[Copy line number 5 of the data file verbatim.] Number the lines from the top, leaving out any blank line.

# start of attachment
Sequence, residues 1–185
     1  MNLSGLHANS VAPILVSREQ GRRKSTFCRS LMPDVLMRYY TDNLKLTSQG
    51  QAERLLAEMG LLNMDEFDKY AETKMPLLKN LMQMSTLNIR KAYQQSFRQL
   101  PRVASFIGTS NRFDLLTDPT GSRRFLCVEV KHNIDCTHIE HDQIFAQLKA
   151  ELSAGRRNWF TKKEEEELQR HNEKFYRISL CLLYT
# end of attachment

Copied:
   151  ELSAGRRNWF TKKEEEELQR HNEKFYRISL CLLYT